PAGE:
Want to know what your customers think about you? Then ask them.
4 Tips for Conducting In-Depth Interviews Over the Phone
For every business and every brand, ongoing in-depth research plays an essential role in helping you understand your internal audience (your team), your external audience (your customers), and your competition. Whether you are launching a new product or simply want to better understand existing brand attitudes, there are a lot of effective qualitative research tools out there. If you don’t have much time or money, however, there’s no substitute for picking up the phone.
As a Charlotte branding agency, we believe nothing beats dialing your target audience: there are no geographic limitations or travel costs, respondents can easily jump on a call at their convenience; and the interview feels more like a casual conversation – not a formal interrogation. Here are 4 tips to consider.
1. Keep it casual.
Setting a tone that encourages subjects to speak freely is critical. If you can put people at ease, you’ll have a better chance of uncovering the kind of raw, emotional insights that could inspire an entire marketing strategy. We recommend doing what’s called an in-depth unstructured interview. This style of interviewing is much more like a relaxed conversation.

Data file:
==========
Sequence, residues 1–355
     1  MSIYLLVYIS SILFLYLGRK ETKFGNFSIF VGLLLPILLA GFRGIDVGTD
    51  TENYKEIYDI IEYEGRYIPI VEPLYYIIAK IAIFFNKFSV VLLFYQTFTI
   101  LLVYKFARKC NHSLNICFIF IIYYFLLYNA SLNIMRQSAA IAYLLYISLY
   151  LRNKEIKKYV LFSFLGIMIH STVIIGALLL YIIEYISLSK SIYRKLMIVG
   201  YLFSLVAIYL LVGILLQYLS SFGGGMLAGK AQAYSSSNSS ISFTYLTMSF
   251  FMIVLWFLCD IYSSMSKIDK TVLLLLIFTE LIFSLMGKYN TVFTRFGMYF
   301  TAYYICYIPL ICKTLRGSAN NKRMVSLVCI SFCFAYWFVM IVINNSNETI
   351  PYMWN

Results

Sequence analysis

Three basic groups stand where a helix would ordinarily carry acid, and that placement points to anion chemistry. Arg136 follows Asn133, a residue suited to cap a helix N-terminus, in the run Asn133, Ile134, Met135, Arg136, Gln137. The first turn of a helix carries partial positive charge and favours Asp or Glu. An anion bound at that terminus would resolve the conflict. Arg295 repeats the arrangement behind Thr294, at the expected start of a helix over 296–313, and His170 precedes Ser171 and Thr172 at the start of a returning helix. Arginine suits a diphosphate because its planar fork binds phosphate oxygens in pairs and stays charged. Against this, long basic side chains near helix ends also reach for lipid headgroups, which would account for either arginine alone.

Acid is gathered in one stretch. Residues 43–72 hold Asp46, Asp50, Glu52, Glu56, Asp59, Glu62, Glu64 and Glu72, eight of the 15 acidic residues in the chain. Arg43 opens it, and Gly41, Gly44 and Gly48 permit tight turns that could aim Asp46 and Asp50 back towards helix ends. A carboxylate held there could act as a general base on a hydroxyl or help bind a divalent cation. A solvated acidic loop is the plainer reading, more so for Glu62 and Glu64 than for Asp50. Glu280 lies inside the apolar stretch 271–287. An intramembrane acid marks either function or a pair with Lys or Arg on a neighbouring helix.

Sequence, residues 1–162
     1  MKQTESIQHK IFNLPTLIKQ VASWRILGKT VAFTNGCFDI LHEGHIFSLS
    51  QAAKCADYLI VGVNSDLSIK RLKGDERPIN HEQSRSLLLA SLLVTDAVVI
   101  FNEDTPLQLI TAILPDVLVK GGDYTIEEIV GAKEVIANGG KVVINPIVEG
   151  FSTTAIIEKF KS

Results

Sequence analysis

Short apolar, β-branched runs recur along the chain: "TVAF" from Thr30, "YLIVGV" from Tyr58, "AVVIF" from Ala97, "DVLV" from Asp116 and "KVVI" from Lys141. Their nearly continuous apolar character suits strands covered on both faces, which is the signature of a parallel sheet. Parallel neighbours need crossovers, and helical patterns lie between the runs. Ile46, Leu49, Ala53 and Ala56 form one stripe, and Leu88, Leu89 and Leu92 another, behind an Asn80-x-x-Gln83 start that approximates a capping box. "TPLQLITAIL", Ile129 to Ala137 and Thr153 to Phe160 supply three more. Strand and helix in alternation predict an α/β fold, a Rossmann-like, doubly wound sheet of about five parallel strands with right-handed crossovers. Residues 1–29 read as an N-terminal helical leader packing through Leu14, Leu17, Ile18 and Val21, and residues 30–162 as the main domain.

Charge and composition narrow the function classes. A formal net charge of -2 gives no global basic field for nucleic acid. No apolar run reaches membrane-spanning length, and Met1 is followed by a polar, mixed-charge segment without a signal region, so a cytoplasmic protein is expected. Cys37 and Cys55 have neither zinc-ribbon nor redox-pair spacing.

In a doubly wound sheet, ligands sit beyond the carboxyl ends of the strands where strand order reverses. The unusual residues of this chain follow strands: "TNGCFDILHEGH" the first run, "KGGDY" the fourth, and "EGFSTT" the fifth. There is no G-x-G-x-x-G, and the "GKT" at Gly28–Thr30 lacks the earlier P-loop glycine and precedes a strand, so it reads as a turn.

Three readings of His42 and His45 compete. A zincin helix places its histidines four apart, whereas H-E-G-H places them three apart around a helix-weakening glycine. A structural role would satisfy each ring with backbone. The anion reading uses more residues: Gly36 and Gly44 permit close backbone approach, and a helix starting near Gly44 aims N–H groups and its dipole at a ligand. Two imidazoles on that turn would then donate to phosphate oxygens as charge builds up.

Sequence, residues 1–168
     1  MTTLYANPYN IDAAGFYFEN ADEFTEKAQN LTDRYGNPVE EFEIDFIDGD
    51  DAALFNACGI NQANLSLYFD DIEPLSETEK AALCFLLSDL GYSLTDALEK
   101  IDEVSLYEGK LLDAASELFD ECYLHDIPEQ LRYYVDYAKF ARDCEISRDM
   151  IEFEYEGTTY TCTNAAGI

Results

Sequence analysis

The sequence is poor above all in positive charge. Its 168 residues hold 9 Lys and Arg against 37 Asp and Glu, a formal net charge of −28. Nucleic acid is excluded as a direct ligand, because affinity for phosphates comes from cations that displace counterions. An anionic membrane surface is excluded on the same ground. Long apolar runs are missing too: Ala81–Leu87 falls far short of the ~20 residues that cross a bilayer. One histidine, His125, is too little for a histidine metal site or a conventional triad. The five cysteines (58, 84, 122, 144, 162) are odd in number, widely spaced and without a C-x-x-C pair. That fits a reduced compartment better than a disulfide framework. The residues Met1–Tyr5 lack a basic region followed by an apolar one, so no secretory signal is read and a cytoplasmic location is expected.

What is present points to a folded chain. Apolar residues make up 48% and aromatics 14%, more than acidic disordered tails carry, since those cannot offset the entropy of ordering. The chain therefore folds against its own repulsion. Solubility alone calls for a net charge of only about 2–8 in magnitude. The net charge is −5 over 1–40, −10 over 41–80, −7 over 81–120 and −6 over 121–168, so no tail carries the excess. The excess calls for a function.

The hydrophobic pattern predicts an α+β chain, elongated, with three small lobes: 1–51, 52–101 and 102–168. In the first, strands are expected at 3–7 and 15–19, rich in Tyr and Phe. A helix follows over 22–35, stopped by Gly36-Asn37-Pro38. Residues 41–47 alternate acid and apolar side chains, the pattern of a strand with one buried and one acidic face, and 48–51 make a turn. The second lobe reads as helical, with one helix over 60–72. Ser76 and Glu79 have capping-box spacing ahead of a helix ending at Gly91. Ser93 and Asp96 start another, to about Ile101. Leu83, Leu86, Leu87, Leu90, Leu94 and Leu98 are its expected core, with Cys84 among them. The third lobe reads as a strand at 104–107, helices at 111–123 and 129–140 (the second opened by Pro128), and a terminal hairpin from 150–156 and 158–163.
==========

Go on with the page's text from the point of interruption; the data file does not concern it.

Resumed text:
That means you should have a list of questions handy, but don’t stick to the script. Your main job as an interviewer is to listen and occasionally ask probing questions to get more insight or to gently steer the conversation where you need it to go. To glean the most insight, your questions should be fluid and always changing based on the responses you get.
2. Start with easy warm-up questions.
Doing this eases the subject into the interview. We often start by asking about where they live or how long they’ve been in their current position. Not only does this give you more demographic or even psychographic information, it also provides you with fodder for directing the conversation into a more casual place before getting into the meatier questions.
This becomes much easier if you’re able to do a bit of research on the interviewee before you chat with them. Often, a quick scan of their Linkedin profile provides a great way to kick off the the interview and build rapport.
3. Go with the flow
Don’t ask a question in a way that suggests a particular answer. This might seem obvious, but when you’re deep into an interview, it’s easy to let a leading question slip out. So stay nimble and be ready to go where the conversation takes you. Listen carefully, take great notes, and be prepared to follow your interviewees wherever their stream of conscious carries them.
4. Take note of paralanguage
Paralanguage refers to all those aspects of speech which are not directly related to words – things like intonation, pitch, tone, the volume and speed of the response, and the pauses between words. An interview is about not just what is said, but how the person is saying it. If you’re really listening, you’ll pick up on subtle changes that can help you know when to move onto another topic or to go deeper with a more incisive line of questioning.